"Knowing this will help us understand supereruptions that have occurred before, and those that will occur in the future."
The volcano famously experienced the largest caldera-forming eruption Europe has seen in the past 200,000 years.
Rescue workers are still battling to reach the hardest-hit areas of Saturday's disaster.
The eruption started in April and continued through August, as magma drained and the caldera collapsed.
Scientists analyzing volcanic samples in Italy find similar conditions preceded eruptions over the last 60,000 years.
Misinformation, one scientist said, "causes unnecessary and unfounded anxiety" about the iconic national park.
Forensic analysis of skeletons found in ash deposit reveal what happened to people in path of volcano.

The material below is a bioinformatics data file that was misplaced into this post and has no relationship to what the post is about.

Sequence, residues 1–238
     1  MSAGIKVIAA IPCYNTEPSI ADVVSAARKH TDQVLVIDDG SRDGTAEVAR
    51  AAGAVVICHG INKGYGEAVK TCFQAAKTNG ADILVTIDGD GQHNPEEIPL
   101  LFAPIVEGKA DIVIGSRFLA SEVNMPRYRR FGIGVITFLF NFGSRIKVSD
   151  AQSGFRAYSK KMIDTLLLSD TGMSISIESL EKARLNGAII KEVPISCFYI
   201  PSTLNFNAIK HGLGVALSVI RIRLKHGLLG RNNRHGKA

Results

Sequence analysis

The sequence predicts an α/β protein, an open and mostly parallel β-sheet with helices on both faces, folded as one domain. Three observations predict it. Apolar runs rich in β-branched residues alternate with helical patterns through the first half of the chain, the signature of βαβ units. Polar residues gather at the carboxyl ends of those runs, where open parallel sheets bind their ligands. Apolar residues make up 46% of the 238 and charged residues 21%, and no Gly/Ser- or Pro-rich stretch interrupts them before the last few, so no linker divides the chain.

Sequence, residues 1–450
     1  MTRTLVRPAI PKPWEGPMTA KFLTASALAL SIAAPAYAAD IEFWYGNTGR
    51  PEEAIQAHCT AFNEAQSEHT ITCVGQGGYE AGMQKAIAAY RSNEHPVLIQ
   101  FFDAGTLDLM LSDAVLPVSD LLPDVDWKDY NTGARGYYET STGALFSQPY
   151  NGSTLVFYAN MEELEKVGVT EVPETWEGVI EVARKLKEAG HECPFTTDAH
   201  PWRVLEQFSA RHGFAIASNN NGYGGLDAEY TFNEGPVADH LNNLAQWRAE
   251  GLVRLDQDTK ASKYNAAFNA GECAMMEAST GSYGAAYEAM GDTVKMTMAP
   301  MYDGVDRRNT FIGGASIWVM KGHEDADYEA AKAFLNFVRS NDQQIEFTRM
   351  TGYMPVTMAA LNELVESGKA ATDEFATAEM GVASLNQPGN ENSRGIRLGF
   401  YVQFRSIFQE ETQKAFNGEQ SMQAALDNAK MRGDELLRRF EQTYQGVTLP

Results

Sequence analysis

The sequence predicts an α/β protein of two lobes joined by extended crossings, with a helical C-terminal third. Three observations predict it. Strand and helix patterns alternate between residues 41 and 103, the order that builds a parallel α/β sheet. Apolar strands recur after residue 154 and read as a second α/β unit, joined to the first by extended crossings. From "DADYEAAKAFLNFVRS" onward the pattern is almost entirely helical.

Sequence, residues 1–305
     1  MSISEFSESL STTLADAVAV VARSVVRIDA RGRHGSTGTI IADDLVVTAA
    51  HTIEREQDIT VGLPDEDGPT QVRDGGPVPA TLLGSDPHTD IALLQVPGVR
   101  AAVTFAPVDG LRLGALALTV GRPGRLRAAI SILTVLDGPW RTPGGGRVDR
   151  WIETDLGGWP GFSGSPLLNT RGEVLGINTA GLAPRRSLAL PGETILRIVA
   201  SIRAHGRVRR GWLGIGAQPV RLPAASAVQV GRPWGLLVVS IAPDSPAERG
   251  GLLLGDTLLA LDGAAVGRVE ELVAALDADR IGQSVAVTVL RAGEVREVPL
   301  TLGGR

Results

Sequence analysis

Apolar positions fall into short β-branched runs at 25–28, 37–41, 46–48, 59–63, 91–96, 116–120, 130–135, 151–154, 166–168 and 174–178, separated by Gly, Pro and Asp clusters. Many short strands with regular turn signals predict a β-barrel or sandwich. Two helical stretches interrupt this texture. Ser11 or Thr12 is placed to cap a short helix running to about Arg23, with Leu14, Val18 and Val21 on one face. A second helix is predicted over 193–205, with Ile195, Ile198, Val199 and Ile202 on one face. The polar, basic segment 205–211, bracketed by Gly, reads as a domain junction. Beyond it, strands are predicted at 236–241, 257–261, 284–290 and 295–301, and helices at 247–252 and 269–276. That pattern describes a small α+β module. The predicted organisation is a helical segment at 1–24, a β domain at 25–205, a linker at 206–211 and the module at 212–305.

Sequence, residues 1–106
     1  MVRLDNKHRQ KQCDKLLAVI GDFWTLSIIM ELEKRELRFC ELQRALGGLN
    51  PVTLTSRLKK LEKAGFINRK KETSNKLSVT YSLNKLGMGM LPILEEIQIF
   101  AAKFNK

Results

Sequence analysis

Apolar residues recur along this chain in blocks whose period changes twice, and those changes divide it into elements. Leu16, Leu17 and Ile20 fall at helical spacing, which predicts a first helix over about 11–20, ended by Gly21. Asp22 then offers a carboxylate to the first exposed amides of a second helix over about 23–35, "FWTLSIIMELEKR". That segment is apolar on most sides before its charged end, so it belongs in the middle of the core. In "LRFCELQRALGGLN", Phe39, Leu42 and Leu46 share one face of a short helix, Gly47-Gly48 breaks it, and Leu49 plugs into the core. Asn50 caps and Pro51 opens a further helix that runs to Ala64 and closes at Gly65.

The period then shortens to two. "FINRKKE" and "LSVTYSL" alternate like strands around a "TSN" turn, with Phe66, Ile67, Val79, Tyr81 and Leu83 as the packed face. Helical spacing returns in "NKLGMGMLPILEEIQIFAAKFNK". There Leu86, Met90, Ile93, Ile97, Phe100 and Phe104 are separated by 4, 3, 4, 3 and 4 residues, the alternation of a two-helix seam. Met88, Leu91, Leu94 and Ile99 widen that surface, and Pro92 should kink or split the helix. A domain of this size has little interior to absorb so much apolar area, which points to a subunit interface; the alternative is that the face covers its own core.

It reportedly registered a magnitude of about 4.3.
"Trees are falling, visibility is very very poor, we cannot see far more than [six feet]," one humanitarian worker said.
A hydrovolcanic explosion could have caused the explosion that hit a tour boat in Hawaii.
Another small explosion occurred at Hawaii's Kilauea volcano Sunday morning, spewing ash plumes over Kau, the southernmost district of Big Island.
"The first thing that comes to my mind when I think back on it was just how loud it was, the roar of the eruption."
Ash from the eruption of the Fuego volcano rained down on the surrounding area, while rapid pyroclastic flows rushed through nearby towns.
Images captured from a helicopter show seaside homes engulfed in flames as clouds of white steam and hydrochloric acid fumes billow from the water.
Around two million people have been affected by the volcano, and an as yet unknown number of people are missing.
A lahar, which is essentially a mudflow filled with rock particles, can reach speeds as high as 120 miles per hour.
"There are injured, burned and dead people."